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Last Week on WallStreet - July 8th, 2023
Despite the mid-week holiday providing traders with only three and a half sessions, markets experienced a significant amount of volatility, leading to the Dow Jones posting its worst week since March. The majority of the turbulence came during Thursday's session, driven by a strong performance in the ISM Services index and an unexpected surge in the ADP jobs number, which is a less closely monitored indicator of employment. This unexpected jump raised concerns that Friday's Bureau of Labor Statistics report would also show a substantial increase. These two figures heightened the perceived upside risk for the Federal Reserve's interest rate hikes and while Friday's job figure came in below expectations, those concerns persisted with markets forcing stocks and bonds lower.
Payrolls Rose by 209,000 in June, Less than Expected, as Job Growth Wobbles
- Nonfarm payrolls increased 209,000 in June, below the consensus estimate for 240,000
- The unemployment rate was 3.6%, down 0.1 percentage point. However, a the jobless level including discouraged workers rose to 6.9%
- Average hourly earnings increased by 0.4% for the month and 4.4% from a year ago
- Labor force participation held steady at 62.6%
The key takeaway - Friday's employment report provided a mixed picture on the current state of the labor market. In absolute terms, over 200,000 added jobs is an historically strong monthly figure, however, it does come in under economist estimates and is a solid decline from May's number. Along with this report came several revisions for the past few months of data that substantially cut the amount of workers thought to be added over that time. While these items may show some softening, the job market as a whole remains robust as American's gain employment and wage increases. This resilience, however, does not display the degree of slowing the Federal Reserve would like to see and likely gives them ample justification for a hike at July's meeting.
US Service Sector Picks Up in June; Inflation Gradually Slowing, ISM Survey Shows
- The Institute for Supply Management's service focused index jumped to 53.9 in June from 50.3 in May
- Readings above 50 indicate growth
- Economists had predicted a rise to 51.0
- New orders for service businesses rose while prices paid for inputs fell
- The manufacturing index, however, fell further into contractionary territory, remaining under 50 for 8 consecutive months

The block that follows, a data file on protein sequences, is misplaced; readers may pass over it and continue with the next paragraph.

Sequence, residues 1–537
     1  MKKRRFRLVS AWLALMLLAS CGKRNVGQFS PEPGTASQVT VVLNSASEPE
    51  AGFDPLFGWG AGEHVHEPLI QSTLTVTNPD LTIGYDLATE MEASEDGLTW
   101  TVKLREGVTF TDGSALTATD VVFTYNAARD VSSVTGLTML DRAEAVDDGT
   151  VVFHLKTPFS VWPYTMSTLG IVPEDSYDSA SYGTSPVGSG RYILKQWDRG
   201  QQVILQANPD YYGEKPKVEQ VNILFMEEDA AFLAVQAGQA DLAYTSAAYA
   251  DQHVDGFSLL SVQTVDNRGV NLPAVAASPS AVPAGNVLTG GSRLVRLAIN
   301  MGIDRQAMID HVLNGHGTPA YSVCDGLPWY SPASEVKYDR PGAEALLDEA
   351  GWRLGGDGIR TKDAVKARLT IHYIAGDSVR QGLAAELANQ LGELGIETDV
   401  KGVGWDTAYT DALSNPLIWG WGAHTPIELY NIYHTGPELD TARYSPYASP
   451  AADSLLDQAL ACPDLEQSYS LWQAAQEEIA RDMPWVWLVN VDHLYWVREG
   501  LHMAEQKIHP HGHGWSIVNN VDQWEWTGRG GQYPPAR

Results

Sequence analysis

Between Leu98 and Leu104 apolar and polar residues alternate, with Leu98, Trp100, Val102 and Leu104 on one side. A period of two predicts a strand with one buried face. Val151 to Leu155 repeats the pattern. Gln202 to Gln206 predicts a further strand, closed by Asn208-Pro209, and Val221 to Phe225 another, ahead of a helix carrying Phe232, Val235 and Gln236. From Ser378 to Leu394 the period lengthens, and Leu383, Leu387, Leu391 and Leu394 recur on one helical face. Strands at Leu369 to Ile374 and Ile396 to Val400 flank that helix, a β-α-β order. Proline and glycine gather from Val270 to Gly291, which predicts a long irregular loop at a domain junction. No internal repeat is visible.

The key takeaway - The services sector represents over two-thirds of the US economy and remains a significant source of economic strength following the pandemic. Not only does this month's reading display current growth in the sector, it also showcases an increase in demand to come, via new orders, and easing price pressures for inputs. Service sector growth, combined with consumer spending, housing starts and employment data, point to an economy that is not yet yielding to the Federal Reserve's pressure. That could change given deterioration in a handful of forward looking indicators and as the Fed takes action to pump the brakes further.
Fed Sees More Rate Hikes Ahead, but at a Slower Pace, Meeting Minutes Show
- Fed officials at their June meeting decided to hold off on raising interest rates, opting for a pause to assess the impact of 10 previous hikes
- Minutes released Wednesday indicated disagreement among members, with some saying that rates should go higher as inflation remains elevated
- All but two of the 18 participants expected that at least one hike would be appropriate this year, and 12 expected two or more
The key takeaway - Minutes from the FOMC meeting in June have provided insight into the central bank's ultimately unanimous decision to pause interest rate hikes. Peering behind the curtain of the headline decision, we see that several members of the committee were in favor of additional hawkish action at the June meeting. That sentiment can be understood as recent economic data has not deteriorated to the degree needed to meaningfully slow down inflation. After digesting the minutes and other data released this week, investors have priced in a near certain chance of a hike to come in July.
From the Waterloo Watercooler
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